Russia’s refusal to attend Orthodox Council shows rift
The rift between Orthodox churches was confirmed Monday when the Russian Patriarchate decided not to take part in the Holy and Great Council which is to begin on Thursday on Crete, asking for its postponement. Orthodox leaders have not held such a meeting since 787, when the last of the seven councils recognized by both Orthodox and Catholics was held, before the schism between the churches in 1054.
The Moscow Patriarchate’s decision is crucial as the Russian Church holds sway with other Slav churches and is a blow to Ecumenical Patriarch Vartholomaios’s hopes to bring together leaders from 14 independent Orthodox churches and promote unity among the world’s 300 million Orthodox Christians. One of Russian Patriarch Kirill’s arguments was that other patriarchs did not want to take part, in protest at documents drawn up by the Ecumenical Patriarchate.
After an extraordinary meeting of the Russian Church’s Holy Synod, a spokesman, Bishop Hilarion, said: “During the 55 years that the Great Council was being prepared, we spoke of the need for it to be a factor of unity for the Church and under no circumstances should it lead to division. If we believe that certain issues have not been clarified on the texts, it is better that we have a postponement so that all the churches can attend.”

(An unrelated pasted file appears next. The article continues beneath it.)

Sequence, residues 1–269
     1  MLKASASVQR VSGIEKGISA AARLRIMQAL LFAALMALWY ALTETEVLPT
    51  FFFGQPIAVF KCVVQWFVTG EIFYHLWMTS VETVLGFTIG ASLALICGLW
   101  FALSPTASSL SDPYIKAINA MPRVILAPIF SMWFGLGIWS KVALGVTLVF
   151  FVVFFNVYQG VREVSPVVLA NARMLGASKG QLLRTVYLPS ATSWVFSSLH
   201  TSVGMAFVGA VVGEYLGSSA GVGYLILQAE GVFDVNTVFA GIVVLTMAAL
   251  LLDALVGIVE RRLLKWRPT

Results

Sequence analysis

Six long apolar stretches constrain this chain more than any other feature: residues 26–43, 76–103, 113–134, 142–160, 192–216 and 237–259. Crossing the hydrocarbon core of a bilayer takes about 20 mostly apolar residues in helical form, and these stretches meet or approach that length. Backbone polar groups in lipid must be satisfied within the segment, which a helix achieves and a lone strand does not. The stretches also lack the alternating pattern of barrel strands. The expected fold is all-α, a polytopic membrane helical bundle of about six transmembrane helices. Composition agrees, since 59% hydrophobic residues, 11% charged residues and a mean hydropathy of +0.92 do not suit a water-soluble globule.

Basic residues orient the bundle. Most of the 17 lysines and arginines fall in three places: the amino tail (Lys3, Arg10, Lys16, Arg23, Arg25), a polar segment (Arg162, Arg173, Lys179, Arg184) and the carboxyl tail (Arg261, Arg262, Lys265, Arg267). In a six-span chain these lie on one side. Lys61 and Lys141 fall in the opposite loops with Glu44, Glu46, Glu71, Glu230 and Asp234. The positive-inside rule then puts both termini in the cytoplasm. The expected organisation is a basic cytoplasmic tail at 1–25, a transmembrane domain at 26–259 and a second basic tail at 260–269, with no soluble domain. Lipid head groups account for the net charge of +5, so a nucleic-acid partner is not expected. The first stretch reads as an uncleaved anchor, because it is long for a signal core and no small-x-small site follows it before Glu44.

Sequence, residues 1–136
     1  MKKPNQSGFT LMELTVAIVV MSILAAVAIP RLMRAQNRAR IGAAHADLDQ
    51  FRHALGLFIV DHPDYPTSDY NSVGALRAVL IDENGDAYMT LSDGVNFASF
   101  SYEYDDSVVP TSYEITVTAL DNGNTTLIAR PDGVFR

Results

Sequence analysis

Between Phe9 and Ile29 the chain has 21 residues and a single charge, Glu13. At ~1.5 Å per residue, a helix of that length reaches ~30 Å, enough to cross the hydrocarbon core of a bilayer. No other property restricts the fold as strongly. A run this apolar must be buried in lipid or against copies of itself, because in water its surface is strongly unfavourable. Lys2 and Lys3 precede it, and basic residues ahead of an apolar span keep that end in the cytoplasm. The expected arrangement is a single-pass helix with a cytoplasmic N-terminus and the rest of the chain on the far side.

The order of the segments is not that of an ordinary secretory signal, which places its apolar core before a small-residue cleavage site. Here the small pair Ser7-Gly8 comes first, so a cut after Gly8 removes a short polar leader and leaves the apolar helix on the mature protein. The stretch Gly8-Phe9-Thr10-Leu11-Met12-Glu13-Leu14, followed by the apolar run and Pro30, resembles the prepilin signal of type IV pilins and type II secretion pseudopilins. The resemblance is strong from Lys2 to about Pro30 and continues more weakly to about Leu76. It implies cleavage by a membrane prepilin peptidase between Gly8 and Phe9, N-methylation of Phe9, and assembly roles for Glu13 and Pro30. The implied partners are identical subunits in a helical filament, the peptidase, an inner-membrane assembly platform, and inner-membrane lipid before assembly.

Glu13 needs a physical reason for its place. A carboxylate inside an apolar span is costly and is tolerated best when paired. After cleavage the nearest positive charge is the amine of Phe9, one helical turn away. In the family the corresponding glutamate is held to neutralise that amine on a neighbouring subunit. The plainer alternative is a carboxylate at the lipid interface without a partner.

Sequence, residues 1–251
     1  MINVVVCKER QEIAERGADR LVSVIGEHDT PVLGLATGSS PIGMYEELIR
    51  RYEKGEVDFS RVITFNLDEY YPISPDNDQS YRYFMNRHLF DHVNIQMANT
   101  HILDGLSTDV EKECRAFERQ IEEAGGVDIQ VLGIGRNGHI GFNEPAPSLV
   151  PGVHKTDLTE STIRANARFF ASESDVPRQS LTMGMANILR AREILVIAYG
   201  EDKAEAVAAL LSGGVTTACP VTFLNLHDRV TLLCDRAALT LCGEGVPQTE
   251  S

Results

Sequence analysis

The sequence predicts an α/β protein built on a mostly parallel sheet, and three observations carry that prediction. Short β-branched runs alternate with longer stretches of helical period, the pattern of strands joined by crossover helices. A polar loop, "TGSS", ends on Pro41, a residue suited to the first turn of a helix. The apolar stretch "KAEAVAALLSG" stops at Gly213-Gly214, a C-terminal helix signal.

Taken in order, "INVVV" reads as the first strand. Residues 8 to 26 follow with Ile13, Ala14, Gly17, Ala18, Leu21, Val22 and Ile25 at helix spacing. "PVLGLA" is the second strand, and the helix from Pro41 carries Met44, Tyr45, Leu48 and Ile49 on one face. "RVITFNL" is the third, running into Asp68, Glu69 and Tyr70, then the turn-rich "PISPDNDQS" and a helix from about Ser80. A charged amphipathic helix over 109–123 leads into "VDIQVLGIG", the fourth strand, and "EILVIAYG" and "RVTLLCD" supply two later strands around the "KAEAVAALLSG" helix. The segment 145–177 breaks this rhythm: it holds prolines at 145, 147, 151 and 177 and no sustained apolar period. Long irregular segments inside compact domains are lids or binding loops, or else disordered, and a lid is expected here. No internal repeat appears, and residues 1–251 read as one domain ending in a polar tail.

The Ecumenical Patriarchate says that it will go ahead with the Council as scheduled on June 16-26 and Vartholomaios is set to travel to Crete on Wednesday. Last Saturday, he said, “The Ecumenical Patriarchate worked with a sense of responsibility from the start to prepare and carry out this historic event.”
Archbishop Anastasios, head of the Church in Albania, argued in an article in Kathimerini that it is precisely because of problems between the churches that their leaders should not postpone the meeting, as this “would hurt Orthodox Christians everywhere and damage the standing of Orthodoxy.”
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